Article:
Time to rescind Gov. Inslee's emergency powers in Washington State
After a year of oppressive quarantines, the jury on COVID-19 lockdowns is in.
Stanford University Medical School professor Dr. Jay Battacharya recently called COVID-19 lockdowns the "biggest public health mistake we've ever made[.] ... The harm to people is catastrophic."
Bhattacharya is a co-author of the Great Barrington Declaration, a petition that calls for an end to draconian COVID-19 lockdowns. Worldwide, more than 41,000 medical practitioners and upwards of 750,000 concerned citizens have signed the declaration.
"Current lockdown policies are producing devastating effects on short and long-term public health," read the group's website. "The results (to name a few) include lower childhood vaccination rates, worsening cardiovascular disease outcomes, fewer cancer screenings and deteriorating mental health — leading to greater excess mortality in years to come, with the working class and younger members of society carrying the heaviest burden. Keeping students out of school is a grave injustice."
Others are echoing more of the same.
"To determine the best path forward necessarily means admitting that social lockdowns and significant restrictions on individuals are deadly and extraordinarily harmful, especially on the working class, minorities, and the poor," noted Scott W. Atlas, M.D., a senior fellow at the Hoover Institution, recently, in a column for The Stanford Review. From August through September, Atlas also served as special adviser to President Trump and a member of the White House Coronavirus Task Force.
And according to an opinion piece published in the Wall Street Journal last Thursday, "[t]he coronavirus lockdowns constitute the most extensive attacks on individual freedom in the West since World War II."
Predictably, in Washington State, lockdown criticism has fallen on deaf ears. Under Democratic governor Jay Inslee, restaurants, gyms, and other businesses are still operating only at 25 percent capacity.
While 16 states, including Texas and Florida, have rescinded mask mandates, Inslee, rated the worst governor in the country for fiscal policy by the Libertarian Cato Institute, will finally allow his state to reopen at 50% capacity on March 22 — after an entire year of draconian lockdowns.
Like Gov. Gretchen Whitmer of Michigan and Gov. Gavin Newsom of California, Inslee has been drunk on power ever since signing his initial emergency declaration in February 2020.
"This will allow us to get the resources we need," Inslee said in a press release at the outset of the outbreak.
"This is a time to take common-sense, proactive measures to ensure the health and safety of those who live in Washington state."
Truth be told, Inslee's obsessive "common-sense" approach to keeping Washingtonians safe and healthy amounted to little more than subjectively choosing winners and losers. While houses of worship were deemed unessential, Home Depot, abortion facilities, and pot shops were considered essential.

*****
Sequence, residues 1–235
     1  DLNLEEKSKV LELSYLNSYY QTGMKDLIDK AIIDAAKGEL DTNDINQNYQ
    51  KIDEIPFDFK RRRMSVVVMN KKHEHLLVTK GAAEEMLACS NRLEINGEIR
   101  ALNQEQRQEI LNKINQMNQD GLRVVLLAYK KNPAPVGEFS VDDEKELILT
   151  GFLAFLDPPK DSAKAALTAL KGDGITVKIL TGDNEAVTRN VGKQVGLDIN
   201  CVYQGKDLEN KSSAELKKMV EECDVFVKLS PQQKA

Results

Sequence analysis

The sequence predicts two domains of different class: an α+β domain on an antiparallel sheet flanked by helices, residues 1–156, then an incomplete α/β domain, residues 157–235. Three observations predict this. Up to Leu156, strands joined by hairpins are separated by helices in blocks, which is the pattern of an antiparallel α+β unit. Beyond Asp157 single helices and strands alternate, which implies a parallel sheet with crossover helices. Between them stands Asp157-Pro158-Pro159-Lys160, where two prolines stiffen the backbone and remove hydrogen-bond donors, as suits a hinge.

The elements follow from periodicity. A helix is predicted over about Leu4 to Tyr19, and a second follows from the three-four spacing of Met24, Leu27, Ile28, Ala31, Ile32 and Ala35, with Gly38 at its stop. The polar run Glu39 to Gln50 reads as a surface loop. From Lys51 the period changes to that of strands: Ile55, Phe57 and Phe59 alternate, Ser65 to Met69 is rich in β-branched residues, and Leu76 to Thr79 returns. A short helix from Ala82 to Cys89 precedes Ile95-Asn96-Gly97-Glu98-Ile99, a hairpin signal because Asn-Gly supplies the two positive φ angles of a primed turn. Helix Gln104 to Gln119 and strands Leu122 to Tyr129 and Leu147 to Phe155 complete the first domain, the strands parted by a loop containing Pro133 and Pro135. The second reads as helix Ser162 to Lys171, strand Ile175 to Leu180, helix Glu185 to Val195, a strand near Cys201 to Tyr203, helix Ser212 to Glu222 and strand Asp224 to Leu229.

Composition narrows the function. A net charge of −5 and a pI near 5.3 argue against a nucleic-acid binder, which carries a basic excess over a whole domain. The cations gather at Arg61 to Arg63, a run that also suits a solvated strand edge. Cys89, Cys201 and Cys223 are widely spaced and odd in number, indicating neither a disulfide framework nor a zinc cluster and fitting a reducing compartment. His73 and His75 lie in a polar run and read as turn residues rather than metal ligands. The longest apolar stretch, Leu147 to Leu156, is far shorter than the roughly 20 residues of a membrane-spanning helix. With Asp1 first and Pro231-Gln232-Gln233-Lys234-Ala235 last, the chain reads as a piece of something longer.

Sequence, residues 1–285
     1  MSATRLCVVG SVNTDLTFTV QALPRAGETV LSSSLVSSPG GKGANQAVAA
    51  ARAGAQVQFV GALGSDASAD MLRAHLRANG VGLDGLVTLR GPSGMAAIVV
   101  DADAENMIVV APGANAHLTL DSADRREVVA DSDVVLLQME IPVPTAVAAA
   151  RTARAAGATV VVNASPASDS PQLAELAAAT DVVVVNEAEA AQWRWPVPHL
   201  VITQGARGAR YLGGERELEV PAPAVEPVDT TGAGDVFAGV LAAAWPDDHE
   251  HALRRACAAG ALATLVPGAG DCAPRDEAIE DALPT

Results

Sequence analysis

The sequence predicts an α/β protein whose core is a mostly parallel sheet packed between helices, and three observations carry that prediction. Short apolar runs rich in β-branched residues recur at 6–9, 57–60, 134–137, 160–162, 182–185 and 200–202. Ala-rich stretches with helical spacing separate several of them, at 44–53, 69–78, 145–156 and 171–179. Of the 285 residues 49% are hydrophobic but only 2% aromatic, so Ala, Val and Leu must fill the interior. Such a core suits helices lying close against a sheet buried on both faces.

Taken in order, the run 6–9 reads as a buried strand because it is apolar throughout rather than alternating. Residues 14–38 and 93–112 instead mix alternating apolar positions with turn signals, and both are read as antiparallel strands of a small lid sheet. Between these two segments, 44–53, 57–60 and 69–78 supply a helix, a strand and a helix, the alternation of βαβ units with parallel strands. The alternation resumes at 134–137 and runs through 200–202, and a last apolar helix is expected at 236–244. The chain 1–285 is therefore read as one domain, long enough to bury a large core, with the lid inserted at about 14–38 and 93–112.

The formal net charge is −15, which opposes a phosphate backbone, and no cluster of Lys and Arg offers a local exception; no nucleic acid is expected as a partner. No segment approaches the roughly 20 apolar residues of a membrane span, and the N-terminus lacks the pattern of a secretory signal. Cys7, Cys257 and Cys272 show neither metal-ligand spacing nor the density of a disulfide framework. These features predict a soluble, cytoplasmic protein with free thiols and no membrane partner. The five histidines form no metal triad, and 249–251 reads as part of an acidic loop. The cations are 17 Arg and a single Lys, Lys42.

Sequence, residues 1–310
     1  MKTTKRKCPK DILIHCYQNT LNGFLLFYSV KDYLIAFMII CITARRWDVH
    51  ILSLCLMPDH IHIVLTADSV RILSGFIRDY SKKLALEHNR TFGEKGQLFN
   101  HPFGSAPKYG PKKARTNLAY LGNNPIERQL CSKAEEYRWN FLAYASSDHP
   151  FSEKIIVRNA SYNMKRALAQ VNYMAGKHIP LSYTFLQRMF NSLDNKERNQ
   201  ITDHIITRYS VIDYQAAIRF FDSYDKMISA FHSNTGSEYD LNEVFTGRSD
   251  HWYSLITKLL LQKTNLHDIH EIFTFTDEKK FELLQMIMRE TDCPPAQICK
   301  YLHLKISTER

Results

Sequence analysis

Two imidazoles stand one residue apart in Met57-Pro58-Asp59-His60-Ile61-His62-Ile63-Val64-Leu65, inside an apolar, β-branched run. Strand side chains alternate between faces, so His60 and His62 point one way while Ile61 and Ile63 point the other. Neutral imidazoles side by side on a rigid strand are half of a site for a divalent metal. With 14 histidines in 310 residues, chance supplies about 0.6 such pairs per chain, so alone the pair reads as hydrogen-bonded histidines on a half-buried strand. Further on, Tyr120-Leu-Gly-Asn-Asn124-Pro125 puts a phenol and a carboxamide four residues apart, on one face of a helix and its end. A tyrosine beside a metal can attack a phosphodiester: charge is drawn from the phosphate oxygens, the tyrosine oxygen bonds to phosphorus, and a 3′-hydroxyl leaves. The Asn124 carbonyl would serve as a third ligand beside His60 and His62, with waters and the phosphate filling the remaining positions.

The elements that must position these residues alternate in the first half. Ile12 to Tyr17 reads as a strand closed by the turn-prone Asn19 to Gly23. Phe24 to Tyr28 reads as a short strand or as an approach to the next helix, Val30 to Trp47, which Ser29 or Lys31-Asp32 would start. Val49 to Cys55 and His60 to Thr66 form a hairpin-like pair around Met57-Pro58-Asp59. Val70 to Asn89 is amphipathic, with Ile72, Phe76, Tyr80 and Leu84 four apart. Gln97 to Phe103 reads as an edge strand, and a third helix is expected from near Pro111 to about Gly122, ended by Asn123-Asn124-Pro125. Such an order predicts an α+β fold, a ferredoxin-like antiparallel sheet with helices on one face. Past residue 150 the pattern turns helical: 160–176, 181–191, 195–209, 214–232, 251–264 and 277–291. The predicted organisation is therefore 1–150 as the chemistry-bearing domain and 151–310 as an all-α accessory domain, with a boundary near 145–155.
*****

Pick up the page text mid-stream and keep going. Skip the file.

Even now, as the Evergreen state prepares to enter Phase 3 of the state's reopening plan with 50% capacity, there are punitive strings attached.
All counties will be subjected to an evaluation every three weeks, beginning April 12. If any county fails one or more of the required metrics, it will fall down a Phase in the Healthy Washington plan.
"If at any point the statewide ICU [intensive care unit] capacity reaches greater than 90%, all counties will move down one Phase. The Department of Health always maintains the ability to move a county forward or backward at their discretion," noted Inslee recently.
Strangely enough, Inslee's power-grab could finally be catching up to him.
According to reporting from The Post Millennial: "Washington Democrat Governor Jay Inslee's Department of Social and Health Services issued directives to "transition" COVID positive patients primarily to "alternative settings" with nursing homes being the "primary strategy" in order to "create capacity for hospitals."
As stated in a letter from Washington's Department of Social and Health Services, nursing homes that admitted COVID-19-positive patients were entitled to compensation by Medicaid.
Coming one month after a massive coronavirus outbreak at the Life Care Center in Kirkland, Washington, initially dubbed as the epicenter for COVID-19, the timing of letter is especially curious, considering that by March 19, there were 35 reported deaths linked to the beleaguered nursing home, per CBS News.
In all, 46 died inside the nursing facility, East of Seattle, including residents, staff, and visitors, according to KING5.com.
Eerily, the scenario bears striking resemblance to New York governor Andrew Cuomo's nursing home scandal — though, on a much smaller scale — where discharged COVID-positive patients were admitted into nursing homes, a move that resulted in more than 10,000 deaths.
"What's amazing is Inslee and his team at DOH saw the outbreak at Life Care and still asked nursing homes to take in COVID-positive patients," reports Beth Baumann in Townhall.
She adds: "Americans deserve to know how this outbreak impacted the rest of the nation, especially since Life Care was where this all started for the United States. And Inslee needs to be held personally accountable for every single one of these deaths."
At the very least, it is time to rescind Inslee's emergency powers. Washingtonians have suffered enough under his unreasonable lockdowns.
Elizabeth M. Economou writes from Seattle.
Image via Wikimedia Commons, Public Domain.